As fate would have it, the life suited him. He saw the angles with a clarity he never felt in an academic environment. The only thing that bothered him about violence was how little violence bothered him, so he did his best to keep peace in the city, and he tried to treat people fairly. Because of that, most people, cops and criminals alike, respected him. They didn’t necessarily like him or agree with him or think he deserved the power he now had in the city’s underworld, but they respected him, and that was as good as it got in his line of work.

During the past six months, Kane had become the most powerful individual in Central City’s underworld. And as he sipped his drink and considered his surroundings, he wondered, as he often did, if he could’ve avoided his lot in life. He’d made the decisions he’d thought best. He’d tried to escape, and he’d failed. He’d tried to protect the people he cared about, and he’d failed. He’d tried to limit the violence, and he’d failed. At this point, he wasn’t sure he’d recognize the right thing if it bit him. 

Perhaps the right thing was a myth, a story told to children to keep them walking the line society drew in the sand. Kane’s life had crossed that line, and his reality turned over, but Kane’s world appeared the same.

Kane sat in a dive that looked like all the other dives where he’d spent much of his life. A bookie who paid for protection sat with two professional gamblers. Three construction workers still in work clothes sipped beers at a table filled with empty shot glasses. An old woman sat by herself at the bar with a glass of wine, and a working girl tried her charms on an older man nursing a beer. The people around Kane, people who sought a release from suffering in any shape, form, or context, could those people be seen as right? Were they doing the right thing? Did their existence justify their choices more than his existence justified his?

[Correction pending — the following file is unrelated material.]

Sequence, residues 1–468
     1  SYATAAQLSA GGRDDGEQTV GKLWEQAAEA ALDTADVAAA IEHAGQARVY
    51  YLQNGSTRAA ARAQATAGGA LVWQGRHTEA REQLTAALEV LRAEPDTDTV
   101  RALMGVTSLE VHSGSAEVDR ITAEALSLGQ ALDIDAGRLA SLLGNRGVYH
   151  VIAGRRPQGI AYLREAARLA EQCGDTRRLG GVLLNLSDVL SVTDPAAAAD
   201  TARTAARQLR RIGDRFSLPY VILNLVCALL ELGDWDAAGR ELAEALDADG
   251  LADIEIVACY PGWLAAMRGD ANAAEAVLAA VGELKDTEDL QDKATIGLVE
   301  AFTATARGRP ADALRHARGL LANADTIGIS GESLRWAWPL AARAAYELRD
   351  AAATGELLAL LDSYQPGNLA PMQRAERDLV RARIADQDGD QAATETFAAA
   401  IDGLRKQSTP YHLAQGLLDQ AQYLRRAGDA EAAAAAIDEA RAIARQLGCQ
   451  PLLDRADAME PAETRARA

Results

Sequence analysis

If not, who could blame them for the choices they made? How much privilege would a human need to claim to know how to live better than those who made a living?

In the reflection of the room presented by the wall of mirror, the working girl caught Kane’s eye. She stood near the far end of the bar, and when he entered, he must’ve passed her without noticing. Kane watched her as he sipped his drink. She had fine, disheveled hair, and track marks on her left arm. She appeared clean enough that Kane assumed she lived somewhere with a shower, but she wore no makeup, and her skin was covered in acne. Her mouth tilted to the left, and she spoke with her jaw as if each word a mouthful. She chatted with an older man, a man by himself, and the man looked uncomfortable. She touched his leg every so often and laughed too hard at his jokes. He squirmed at the attention. 

Was he uncomfortable with women or with that particular woman?

Kane saw something in the woman’s jaw, something familiar. He’d known someone with a jaw like that, someone with fine hair and a thin frame. The eyes, though, were different. The eyes at the edge of his memory were filled with life and mischief and danger. This woman’s eyes were dead. They looked into the mirror, met Kane’s eyes for a single beat, and looked away.

Who was she?

Continued in Part Two.